The serval is a larger wild cat than an Asian Wild Cat. Its body is also longer, which reflects in the Savannah breed. Savannah coat patterns have spots that dot the main area of the body. They may also be slightly elongated spots that look like stripes around the neck and head area. Savannahs come in several colors, notably brown spotted tabby, black, and black smoke.
Image via Stockvault
Personality & Activity
Both breeds seem to inherit a lot of energy from their ancestral breeds. They require lots of exercise or space to roam in order to burn off that energy. They therefore love to climb and chase prey when available. Both are also very playful and will enjoy spending time with you playing games and having fun.
Both breeds are very talkative. They are known to employ chirping sounds to talk to you, aside from the occasional meow as well. Both are also highly intelligent and will attempt to invade any space they can get into, which includes your closed cupboards.
These breeds share a remarkable but unusual trait. They love water. This puts them in a unique Club along with the Maine Coon and Norwegian Forest Cat.
A Bengal has the distinction of being able to jump three times its own length in height from a standstill. Bengals are more likely to cuddle with you than Savannah cats. They seem to have fewer characteristics of wild ancestry than the Savannah.
That said, they may be easier to train. They get along fairly well with most people and other pets, provided they are socialized properly.
Savannahs have been known to jump up to 12 feet in height from a standing position. It’s a remarkable ability that demonstrates the cats’ strength and wild origins. This makes them difficult to contain in a home environment that is not suited to exploration.
Between the two breeds, Savannahs are considered to have slightly wilder personalities. Some describe this wild fracture as the cats behaving more like dogs. They can be trained on a leash and are likely to follow you around and interact with you more like a dog than most cats.
On the downside, this also means that they have strong personalities and can be a little bit more difficult to socialize when they are feeling aggressive or in a high-energy mode. Savannahs have been known to be somewhat protective of their humans. They will benefit from early introductions to other people and pets.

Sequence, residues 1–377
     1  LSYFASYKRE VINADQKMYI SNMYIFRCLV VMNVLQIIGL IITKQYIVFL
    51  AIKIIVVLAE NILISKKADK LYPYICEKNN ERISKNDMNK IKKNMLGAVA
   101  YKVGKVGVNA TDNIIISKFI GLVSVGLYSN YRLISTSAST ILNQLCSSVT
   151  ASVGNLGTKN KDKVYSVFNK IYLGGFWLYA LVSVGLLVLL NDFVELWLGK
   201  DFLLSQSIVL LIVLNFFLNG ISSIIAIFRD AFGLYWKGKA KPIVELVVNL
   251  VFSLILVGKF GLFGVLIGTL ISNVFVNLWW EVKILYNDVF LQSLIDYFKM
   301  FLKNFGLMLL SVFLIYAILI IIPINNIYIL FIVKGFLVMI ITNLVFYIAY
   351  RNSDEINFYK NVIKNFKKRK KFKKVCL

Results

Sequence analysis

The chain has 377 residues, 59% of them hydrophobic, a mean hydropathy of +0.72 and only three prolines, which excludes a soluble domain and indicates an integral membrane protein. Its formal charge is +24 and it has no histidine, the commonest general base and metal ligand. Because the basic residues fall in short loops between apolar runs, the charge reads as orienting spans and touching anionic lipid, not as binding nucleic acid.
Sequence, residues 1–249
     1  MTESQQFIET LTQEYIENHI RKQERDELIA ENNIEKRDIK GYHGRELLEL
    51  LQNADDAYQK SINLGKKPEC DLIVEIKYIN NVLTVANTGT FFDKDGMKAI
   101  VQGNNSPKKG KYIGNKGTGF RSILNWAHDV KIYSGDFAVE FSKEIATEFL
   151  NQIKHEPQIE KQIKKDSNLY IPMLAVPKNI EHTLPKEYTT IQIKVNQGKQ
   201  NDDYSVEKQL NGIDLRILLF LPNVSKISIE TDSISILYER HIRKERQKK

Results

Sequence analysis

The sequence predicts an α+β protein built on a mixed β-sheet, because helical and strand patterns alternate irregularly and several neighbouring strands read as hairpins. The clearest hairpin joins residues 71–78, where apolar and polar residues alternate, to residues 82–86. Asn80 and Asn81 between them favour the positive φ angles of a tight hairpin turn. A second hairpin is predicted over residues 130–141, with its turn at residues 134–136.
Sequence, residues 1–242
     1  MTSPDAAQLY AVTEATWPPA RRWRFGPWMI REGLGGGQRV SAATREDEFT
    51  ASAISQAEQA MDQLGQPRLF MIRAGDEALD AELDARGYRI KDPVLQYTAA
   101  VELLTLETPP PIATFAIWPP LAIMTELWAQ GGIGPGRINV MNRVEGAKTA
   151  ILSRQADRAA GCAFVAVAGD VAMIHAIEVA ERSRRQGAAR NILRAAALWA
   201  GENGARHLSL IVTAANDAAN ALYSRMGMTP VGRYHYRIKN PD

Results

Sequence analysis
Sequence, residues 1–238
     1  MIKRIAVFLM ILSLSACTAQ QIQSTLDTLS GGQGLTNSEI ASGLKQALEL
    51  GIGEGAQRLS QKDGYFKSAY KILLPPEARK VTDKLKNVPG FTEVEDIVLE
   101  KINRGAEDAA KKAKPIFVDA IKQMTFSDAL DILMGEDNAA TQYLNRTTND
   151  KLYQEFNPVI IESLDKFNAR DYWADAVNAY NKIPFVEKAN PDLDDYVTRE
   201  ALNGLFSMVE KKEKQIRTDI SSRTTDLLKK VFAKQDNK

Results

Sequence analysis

Neither the Bengal nor the Savannah shed very much. This makes them easy to care for. Both are also relatively short-haired, which means that they can sometimes be preferable for those with allergies. This doesn’t mean you don’t have to groom them, of course.
The occasional brush does help to keep the coat unmatted and helps to spread essential oils across the fur. Besides, a few sessions of grooming per week is a great bonding experience for you. Try grooming gloves for an even more tactile experience.
Image by 성혁 이 from Pixabay
Prices of Bengals and Savannahs
Acquiring a pedigree Bengal or Savannah is not cheap. A Bengal, for example, can go for about $1,000. Breeders associations insist that the breeding practice be heavily monitored. They assert that Bengal kittens costing less than this may not be the genuine article.
By contrast, a Savannah (which is considered more exotic in some respects) can cost up to $20,000. There are far fewer Savannah breeders and cats, so finding these may be a challenge. That’s also why they tend to be more expensive. First-generation Savannahs are particularly valuable and somewhat rare, and therefore costly.
Something to Note About Ownership Restrictions
In the United States, some ownership restrictions apply to certain animals that are classified as wild or part wild. If you are thinking about owning either a Savannah or Bengal, check with the state or city laws. There may be restrictions on these breeds due to their recognized part-wild status.
Which Would You Choose?
Now that you have some idea of the differences, which of these beautiful breeds do you feel would suit your home? Assuming there are no issues with your state or city, either one of these cats would make a perfect companion for your home.
Keep in mind that Savannahs are typically larger than the Bengal and will behave more like a dog than a cat.
Remember also that their respective personalities may not be typical of a regular domestic house cat overall. These kitties will explore your home, and normal cupboards are no obstacle. With their strength and jumping ability, it will benefit you to explore some cat-proofing techniques.
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With all that said, if you’re looking for more info on these or other smart cats, try reading this list of smartest cat breeds.